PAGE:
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View Diary: The Russian Vodka Boycott: What's Russian? What difference does it make? (46 comments)

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  •  Wrong (1+ / 0-)
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    Dave in Northridge

    Stoli might be distilled and bottled in Latvia.  But the vodka distilled in Latvia is made from grain and raw alcohol that comes from Russia.  SPI, the owners of Stoli, have significant operations in Russia, including processing facilities that process the grain and raw alcohol that is distilled and bottled in Latvia and sold as Stoli in the US.  

    As for Stoli's financial support for "gay rights advocacy," that's BS.  Stoli has sponsored gay pride events and events at gay bars.  That's not "financial support."  That's advertising.  When a company targets the gay community with advertising that's not showing support for gay rights.

    The fact that Stoli and the Russian government are engaged in a dispute over the international distribution rights for Stoli has nothing to do with LGBT rights in Russia.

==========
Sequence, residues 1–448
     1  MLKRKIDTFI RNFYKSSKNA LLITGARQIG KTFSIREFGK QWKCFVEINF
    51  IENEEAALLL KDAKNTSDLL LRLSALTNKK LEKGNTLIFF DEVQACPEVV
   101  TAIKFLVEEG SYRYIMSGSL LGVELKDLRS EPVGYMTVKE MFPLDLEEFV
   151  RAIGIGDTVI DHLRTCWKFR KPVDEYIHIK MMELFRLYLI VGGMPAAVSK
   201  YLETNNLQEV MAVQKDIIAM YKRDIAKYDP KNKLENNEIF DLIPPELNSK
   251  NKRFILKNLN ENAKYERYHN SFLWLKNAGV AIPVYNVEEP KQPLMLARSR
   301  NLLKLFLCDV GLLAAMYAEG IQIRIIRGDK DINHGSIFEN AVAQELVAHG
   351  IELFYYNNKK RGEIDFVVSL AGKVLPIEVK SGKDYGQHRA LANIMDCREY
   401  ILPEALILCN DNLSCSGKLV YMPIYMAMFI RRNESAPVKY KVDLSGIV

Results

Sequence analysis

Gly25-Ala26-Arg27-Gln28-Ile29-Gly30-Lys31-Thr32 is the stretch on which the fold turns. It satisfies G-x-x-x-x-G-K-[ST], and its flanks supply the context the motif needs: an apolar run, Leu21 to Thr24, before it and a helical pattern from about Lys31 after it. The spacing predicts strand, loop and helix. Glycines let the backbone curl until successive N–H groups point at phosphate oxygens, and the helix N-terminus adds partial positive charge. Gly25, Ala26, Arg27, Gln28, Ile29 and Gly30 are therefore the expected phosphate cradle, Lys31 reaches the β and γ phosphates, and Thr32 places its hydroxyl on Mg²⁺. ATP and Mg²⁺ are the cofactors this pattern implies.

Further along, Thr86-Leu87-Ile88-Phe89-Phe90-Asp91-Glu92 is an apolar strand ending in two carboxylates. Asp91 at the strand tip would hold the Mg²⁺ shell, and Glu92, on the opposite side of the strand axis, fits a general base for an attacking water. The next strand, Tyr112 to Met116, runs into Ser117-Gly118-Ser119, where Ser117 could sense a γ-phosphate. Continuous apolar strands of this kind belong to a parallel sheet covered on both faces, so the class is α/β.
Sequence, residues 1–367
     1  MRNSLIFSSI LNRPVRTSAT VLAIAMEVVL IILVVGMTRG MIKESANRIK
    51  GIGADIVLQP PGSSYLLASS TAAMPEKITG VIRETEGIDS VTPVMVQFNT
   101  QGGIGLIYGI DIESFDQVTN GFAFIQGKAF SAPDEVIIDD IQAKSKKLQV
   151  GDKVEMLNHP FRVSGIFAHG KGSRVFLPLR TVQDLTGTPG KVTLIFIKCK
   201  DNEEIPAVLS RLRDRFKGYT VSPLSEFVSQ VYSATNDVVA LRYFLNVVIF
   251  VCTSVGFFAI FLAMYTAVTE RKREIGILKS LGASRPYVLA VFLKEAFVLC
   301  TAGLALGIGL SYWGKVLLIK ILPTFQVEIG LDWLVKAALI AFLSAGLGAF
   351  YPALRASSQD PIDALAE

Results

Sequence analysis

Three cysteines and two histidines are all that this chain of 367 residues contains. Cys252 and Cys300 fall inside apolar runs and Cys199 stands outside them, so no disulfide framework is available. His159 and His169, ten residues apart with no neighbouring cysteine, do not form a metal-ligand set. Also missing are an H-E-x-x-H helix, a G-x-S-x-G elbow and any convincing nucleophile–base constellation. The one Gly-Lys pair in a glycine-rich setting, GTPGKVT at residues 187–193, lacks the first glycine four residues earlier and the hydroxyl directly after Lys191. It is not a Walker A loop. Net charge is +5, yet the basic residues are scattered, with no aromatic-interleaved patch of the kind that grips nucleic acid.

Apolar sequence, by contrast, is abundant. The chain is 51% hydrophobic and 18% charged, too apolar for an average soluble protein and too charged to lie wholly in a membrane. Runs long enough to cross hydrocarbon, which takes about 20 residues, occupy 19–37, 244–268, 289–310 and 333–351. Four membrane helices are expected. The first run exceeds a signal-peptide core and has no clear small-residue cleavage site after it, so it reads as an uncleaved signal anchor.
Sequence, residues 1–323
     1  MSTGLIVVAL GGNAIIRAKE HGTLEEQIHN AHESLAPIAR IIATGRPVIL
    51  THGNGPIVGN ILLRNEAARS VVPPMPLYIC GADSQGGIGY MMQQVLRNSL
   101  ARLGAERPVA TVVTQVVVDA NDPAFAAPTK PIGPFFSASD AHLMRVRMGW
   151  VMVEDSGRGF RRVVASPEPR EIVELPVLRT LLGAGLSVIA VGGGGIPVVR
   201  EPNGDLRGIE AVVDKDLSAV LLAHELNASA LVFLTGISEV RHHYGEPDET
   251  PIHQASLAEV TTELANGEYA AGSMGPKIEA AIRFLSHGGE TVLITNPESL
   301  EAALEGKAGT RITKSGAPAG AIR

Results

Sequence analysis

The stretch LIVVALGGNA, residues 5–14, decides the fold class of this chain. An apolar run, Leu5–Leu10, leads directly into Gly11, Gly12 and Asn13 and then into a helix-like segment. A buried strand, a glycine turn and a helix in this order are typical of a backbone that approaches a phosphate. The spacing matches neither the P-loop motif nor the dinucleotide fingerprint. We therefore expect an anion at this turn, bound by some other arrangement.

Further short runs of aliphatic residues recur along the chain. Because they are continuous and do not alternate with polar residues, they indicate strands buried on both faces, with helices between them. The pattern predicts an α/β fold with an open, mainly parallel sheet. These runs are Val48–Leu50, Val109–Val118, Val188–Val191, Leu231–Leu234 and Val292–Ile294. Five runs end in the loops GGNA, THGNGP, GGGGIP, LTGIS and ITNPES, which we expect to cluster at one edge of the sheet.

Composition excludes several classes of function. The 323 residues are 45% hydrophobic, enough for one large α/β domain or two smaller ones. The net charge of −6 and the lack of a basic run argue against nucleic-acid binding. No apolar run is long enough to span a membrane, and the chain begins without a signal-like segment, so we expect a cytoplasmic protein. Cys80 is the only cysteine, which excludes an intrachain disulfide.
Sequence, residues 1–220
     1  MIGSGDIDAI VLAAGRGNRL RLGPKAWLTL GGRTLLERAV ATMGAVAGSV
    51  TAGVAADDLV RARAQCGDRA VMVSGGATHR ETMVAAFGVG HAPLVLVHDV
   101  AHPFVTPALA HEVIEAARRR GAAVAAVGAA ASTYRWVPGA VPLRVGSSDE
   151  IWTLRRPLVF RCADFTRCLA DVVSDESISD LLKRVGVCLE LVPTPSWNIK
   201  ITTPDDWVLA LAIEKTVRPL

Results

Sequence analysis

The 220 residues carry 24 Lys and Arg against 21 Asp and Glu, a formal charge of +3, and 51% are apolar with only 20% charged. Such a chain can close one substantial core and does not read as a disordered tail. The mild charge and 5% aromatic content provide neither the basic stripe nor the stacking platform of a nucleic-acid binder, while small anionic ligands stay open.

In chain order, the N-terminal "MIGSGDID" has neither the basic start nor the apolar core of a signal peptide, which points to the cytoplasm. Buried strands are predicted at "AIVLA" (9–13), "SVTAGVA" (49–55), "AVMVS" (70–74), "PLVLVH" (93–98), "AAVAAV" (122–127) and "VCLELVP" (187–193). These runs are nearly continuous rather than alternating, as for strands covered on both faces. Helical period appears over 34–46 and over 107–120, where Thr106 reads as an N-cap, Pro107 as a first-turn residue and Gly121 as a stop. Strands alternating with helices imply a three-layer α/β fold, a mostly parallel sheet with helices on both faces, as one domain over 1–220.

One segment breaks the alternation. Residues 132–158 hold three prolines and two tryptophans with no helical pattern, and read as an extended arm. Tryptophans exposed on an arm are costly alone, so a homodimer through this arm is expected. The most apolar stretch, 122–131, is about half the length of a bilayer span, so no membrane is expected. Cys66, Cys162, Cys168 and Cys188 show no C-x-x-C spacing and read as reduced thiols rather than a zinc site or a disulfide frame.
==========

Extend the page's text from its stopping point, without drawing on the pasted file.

SPI's CEO Val Mendeleev has made several statements about how his company is pro gay rights, but he has not made a single mention of any charitable donations his company has made to any LGBT or human rights organizations.  

    Mendeleev was on Michael Signorile's radio show this week and said that, in the wake of the boycott, his company is looking into making a financial contribution to a gay rights organization in Russia.  So, in other words, the boycott is working.  Mendeleev is worried that their sales are going to drop so he's trying to figure out ways his company can actually support LGBT rights instead of just paying lip service to it.    

    I'm sure Stoli is in no way the worst of the Russian vodka companies in terms of supporting the oppression of gay people in Russia, but Stoli is the most well-known brand, the one that will garner the most attention.  And if we need to be a little "unfair" to Stoli in order to effectively advocate for LGBT rights in Russia, I can live with that.  I'm much more concerned about the plight of LGBT folks in Russia than I am about the profits of a multi-national corporation.

    The fact that the boycott is working and  you are still speaking out against it makes me think you have another motive, or perhaps you just don't understand how successful activism works.

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